To test the hypothesis that treatment with cefepime hydrochloride leads to higher incidence of periodic epileptiform discharges compared with treatment with other β-lactams.
Data from hospital pharmacy databases of patients treated with cefepime or meropenem during a 42-month period (from January 1, 2007, through June 30, 2010) were retrospectively crossed with data from the electroencephalography database for the same period.
Erasme Hospital, Université Libre de Bruxelles, Brussels, Belgium.
Patients who underwent electroencephalographic testing while taking cefepime or meropenem were selected. Only electroencephalographic tests performed during the antibiotic treatment period were considered. Matches were compared with nurses' medication records to ensure that the antibiotic considered was effectively given.
Main Outcome Measure
Proportions of patients with continuous epileptiform discharges in the 2 groups were compared using the Fisher exact test.
A total of 1120 patients were treated with cefepime and 1572 patients with meropenem. Electroencephalographic testing was performed during treatment in 59 patients treated with cefepime and 80 treated with meropenem (5.26% vs 5.08%, P = .85). Continuous epileptiform discharges were present in 14 patients in the cefepime group and 3 in the meropenem group (1.25% vs 0.19%, P < .001). Blood creatinine concentration was elevated in 5 of the 17 patients (range, 1.5-4.2 mg/dL; reference range, 0.7-1.2 mg/dL), and liver enzyme levels were elevated in 5 patients. No patient had major electrolyte disturbances.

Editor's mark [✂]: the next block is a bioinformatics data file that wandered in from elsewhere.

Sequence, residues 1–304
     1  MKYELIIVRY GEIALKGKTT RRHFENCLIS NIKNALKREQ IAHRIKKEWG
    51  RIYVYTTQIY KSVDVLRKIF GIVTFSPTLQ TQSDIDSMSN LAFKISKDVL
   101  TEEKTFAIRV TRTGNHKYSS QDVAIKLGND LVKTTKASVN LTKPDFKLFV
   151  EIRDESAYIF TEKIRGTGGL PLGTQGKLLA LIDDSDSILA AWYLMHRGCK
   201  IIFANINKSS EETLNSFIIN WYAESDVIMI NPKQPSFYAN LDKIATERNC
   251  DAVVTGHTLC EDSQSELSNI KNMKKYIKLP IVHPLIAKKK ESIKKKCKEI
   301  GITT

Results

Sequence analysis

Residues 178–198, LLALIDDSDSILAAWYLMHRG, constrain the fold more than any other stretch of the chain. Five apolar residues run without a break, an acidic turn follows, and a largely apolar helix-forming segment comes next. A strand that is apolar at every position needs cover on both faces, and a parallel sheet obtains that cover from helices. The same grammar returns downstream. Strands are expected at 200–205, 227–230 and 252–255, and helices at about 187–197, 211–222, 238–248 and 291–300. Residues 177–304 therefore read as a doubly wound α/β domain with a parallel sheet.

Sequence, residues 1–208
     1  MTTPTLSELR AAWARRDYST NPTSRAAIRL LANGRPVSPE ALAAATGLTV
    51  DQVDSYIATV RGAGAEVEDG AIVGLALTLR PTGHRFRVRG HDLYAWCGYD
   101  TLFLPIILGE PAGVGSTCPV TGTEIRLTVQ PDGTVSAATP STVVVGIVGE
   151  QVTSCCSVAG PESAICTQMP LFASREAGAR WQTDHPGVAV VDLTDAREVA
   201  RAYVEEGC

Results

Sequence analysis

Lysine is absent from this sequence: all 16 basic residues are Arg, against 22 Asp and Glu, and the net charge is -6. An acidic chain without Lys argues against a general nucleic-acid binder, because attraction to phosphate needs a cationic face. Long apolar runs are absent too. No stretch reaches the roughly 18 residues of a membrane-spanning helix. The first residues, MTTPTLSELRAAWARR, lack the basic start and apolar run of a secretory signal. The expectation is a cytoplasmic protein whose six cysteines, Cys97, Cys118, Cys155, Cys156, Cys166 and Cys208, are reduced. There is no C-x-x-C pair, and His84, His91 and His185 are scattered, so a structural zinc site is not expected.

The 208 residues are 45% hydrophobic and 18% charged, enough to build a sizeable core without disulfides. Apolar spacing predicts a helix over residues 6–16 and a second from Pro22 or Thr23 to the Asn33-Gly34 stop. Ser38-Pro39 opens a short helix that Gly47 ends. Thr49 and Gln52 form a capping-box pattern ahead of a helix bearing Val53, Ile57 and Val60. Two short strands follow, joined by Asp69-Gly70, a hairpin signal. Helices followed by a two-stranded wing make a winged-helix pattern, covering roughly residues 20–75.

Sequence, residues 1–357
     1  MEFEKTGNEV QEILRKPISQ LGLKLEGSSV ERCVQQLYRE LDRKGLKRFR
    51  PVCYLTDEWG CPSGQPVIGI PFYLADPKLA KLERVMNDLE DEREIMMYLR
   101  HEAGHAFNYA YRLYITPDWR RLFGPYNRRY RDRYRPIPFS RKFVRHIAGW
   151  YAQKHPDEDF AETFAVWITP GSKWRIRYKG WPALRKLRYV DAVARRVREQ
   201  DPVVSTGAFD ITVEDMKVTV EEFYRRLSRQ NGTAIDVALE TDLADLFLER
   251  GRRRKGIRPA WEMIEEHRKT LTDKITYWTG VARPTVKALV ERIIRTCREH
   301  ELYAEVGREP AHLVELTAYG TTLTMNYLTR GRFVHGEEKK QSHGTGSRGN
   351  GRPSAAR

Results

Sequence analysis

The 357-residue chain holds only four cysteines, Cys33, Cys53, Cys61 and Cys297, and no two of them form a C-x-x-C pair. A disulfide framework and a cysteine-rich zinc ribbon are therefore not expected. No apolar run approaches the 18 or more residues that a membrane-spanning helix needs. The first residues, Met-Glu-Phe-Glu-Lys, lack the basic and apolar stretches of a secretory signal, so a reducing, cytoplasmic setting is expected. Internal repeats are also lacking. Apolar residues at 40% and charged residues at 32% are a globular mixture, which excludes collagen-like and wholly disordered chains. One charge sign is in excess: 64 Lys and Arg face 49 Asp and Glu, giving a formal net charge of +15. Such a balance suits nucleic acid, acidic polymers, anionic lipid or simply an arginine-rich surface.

Our study showed a prevalence of electroencephalographic test results with continuous epileptiform discharges in 14 of 1120 patients receiving cefepime (1.25%) but only 3 of 1572 patients receiving meropenem (0.19%). Contrary to the results of previous case series, these electroencephalographic patterns occurred, in most cases, in patients with normal renal function. These results suggest that cefepime may be an independent risk factor for periodic epileptiform discharges, which are associated with worse outcomes. This finding could provide a partial explanation for the higher mortality rates reported in patients treated with cefepime compared with other β-lactams.